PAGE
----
How Far Can A Bullet Travel? How Far Does A Bullet Travel

Handguns come in a variety of types. From their sizes, to their capabilities, right down to their functions, your handguns are evidently a decidedly diverse type of weapon. As such, when you go for a handgun, it is a must that you know its specifics to ascertain how they can be used in the future.

Meanwhile, the same logic goes for bullets — they also come in numerous types. From their weight to its type, you can say that they too have specifics. And when you’re particular with these, you can be adept at how they function. One of the vital information you can derive from these is essentially how far can a bullet travel.

Related: A Comprehensive Guide on How to Make Exploding Targets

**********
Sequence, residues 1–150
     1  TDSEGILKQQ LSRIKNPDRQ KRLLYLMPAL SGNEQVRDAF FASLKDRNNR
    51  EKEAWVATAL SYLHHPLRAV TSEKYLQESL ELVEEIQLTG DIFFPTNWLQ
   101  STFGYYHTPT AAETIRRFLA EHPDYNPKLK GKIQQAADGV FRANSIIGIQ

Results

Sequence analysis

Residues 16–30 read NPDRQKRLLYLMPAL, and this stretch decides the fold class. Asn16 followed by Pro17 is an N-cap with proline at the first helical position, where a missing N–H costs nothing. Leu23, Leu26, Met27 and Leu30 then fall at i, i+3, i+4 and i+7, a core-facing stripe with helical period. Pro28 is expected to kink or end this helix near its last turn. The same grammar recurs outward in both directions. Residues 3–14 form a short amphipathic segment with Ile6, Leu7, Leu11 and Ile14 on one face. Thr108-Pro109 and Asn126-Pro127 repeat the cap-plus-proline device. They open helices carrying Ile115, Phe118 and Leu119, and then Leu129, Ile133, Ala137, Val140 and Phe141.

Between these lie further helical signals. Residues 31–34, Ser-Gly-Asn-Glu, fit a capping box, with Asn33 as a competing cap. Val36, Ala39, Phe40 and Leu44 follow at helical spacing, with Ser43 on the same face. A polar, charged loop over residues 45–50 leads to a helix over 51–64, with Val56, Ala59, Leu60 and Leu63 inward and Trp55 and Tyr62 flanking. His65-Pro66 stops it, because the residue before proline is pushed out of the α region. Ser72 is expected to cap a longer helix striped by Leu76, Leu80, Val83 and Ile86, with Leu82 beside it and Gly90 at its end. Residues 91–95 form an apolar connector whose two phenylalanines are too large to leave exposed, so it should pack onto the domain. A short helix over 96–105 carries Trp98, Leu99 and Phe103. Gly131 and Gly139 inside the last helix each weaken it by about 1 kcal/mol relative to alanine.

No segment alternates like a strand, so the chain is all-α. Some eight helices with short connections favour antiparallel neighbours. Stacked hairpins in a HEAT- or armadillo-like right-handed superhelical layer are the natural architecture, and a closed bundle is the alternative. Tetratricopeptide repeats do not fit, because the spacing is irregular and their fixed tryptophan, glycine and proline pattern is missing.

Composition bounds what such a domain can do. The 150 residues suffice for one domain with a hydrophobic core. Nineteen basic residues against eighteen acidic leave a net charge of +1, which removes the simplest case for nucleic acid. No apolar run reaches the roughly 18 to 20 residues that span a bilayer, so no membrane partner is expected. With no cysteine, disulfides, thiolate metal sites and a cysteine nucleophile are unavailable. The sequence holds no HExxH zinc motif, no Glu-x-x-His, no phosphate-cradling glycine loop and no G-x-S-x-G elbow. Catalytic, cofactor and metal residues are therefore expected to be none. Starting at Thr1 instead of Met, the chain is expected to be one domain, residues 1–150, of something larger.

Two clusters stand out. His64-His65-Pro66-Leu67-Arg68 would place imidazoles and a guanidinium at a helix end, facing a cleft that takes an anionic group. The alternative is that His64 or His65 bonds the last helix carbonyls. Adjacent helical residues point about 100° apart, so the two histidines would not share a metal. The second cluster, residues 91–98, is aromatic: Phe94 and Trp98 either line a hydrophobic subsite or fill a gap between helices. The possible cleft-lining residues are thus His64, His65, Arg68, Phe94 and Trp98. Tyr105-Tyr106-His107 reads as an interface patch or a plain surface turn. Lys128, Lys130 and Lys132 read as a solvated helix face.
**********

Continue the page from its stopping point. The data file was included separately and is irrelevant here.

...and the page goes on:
This article will solely circle in on this topic. We’ll make an attempt to verify whether we can determine the range of a handgun bullet. In our discussion, well also provide you some information on you can come up with at least the nearest answer to that query.


The General Principle That Surrounds The Range Of A Bullet

how far can a bullet travel before it falls

As we obviously tackling physics in this article, let’s not dilly-dally and get right to the bottom of this: the optimal range that is fried out from your chosen rifle or gun varies.

It will depend on the type of your handgun, too. Meanwhile, the bullet that you shoot out of your weapon is slowed down because of the so-called “drag factor” which is defined as the eventual accumulation of the resistance that comes from the air right before the bullet decreases its momentum.